What about a rented trailer?
Often, your automobile insurance policy won’t cover a trailer you’ve rented. Your credit card company’s insurance for rental cards also typically doesn’t extend to cover trailers. So, if you’ve rented a trailer from U-Haul or some other company, you should take the insurance that the company offers because your automobile policy likely won’t cover the trailer if something happens.
Types of trailers
Here are some of the common types of trailers:
- Conventional: These trailers are the most common and are typically between 12 and 40 feet long.
- Fifth wheel: These trailers attach to a hitch inside the bed of the truck towing them.
- Pop-up tent: These trailers are collapsible trailers used for camping.
- Truck camper: These are actually mounted in the truck’s bed but are still considered part of the family of trailers. They tend to have an area for sleeping over the truck’s cab.
- Horse: This one seems self-explanatory, but these are the trailers that usually haul horses.
- Toy hauler: These trailers haul ATVs or motorcycles but also have a living space.
- Cargo or utility: These are small trailers used for such things as landscape jobs, odd jobs, or moving.
Do I need specific insurance for my trailer?
You’ll notice that we say “my trailer”. This means that you have to own the trailer. And yes, if you own the trailer, typically, the liability coverage of the vehicle towing the trailer will cover the trailer, too, up to a specific size. The trailer must be hitched to the vehicle for the coverage to extend to the trailer. Not all insurance companies extend liability coverage to the trailer, so you must check with your insurance agent before you get your trailer on the road.
Liability coverage will not cover any damage caused to your trailer. If your auto policy does cover your trailer, it likely only provides liability coverage. You have a couple of options if this is the case. One is to add a physical damage rider that covers your trailer to your auto insurance policy (if your company has this option). The other is to purchase a separate recreational vehicle or trailer policy, depending on how your company labels these policies.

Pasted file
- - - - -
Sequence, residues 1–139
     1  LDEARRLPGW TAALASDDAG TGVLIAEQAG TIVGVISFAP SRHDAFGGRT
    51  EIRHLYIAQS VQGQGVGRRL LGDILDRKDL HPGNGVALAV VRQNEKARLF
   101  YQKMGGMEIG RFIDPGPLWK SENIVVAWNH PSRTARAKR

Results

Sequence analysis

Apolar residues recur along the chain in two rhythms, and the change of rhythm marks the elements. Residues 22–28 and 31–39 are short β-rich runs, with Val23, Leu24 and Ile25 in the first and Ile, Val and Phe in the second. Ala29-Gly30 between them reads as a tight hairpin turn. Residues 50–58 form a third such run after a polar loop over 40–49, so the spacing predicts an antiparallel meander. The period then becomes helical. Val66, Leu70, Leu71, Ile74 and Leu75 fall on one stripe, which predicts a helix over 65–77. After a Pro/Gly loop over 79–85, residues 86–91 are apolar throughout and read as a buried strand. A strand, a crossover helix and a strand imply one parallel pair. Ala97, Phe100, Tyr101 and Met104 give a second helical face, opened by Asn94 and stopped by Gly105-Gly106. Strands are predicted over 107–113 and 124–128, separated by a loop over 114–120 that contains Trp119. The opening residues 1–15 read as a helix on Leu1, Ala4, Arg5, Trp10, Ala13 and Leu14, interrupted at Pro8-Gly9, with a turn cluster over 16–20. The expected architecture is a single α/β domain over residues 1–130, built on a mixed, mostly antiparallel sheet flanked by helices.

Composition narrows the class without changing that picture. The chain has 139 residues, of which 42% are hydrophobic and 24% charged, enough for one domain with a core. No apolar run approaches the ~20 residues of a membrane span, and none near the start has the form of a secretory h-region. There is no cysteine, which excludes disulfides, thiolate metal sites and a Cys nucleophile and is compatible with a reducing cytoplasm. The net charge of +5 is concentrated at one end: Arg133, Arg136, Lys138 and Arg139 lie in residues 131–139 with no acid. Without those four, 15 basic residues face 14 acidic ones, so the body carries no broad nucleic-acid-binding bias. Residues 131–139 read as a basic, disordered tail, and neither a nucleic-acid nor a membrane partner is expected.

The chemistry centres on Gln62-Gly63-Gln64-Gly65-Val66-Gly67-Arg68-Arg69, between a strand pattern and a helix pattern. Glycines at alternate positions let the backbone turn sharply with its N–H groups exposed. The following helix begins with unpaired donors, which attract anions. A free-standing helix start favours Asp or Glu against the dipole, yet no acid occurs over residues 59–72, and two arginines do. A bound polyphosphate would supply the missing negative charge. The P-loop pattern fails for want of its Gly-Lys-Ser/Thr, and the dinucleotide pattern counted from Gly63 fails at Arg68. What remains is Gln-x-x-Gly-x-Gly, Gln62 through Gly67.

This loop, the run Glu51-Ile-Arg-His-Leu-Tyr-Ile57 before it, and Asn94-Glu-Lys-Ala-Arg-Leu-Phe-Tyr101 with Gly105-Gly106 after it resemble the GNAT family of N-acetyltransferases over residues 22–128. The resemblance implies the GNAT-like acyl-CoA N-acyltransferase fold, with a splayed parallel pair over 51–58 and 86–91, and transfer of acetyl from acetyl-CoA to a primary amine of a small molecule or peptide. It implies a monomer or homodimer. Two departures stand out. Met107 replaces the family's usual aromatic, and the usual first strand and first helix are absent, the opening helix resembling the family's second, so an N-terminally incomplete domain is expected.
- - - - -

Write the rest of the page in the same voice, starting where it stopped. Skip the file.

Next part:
There are a couple of other considerations when looking at trailer insurance. If the trailer isn’t hitched to anything and rolls into something, there is no coverage without a specific trailer policy. The second consideration is whether you own the trailer outright or if it is on a loan. Your bank may require a particular kind of coverage as a part of the conditions of your loan.
Often if you own both the trailer and the truck, your truck liability insurance policy will extend liability coverage to include your trailer. However, rented trailers or borrowed trailers might not be covered. Liability policies won’t cover damage to the trailer, so it’s essential to consider a separate trailer policy if you are often on the road with it. You also need to verify whether you need a specific kind of policy to satisfy the requirements of a loan.
If you have questions about whether your insurance policy covers your trailer, contact your insurance agent to discuss the matter.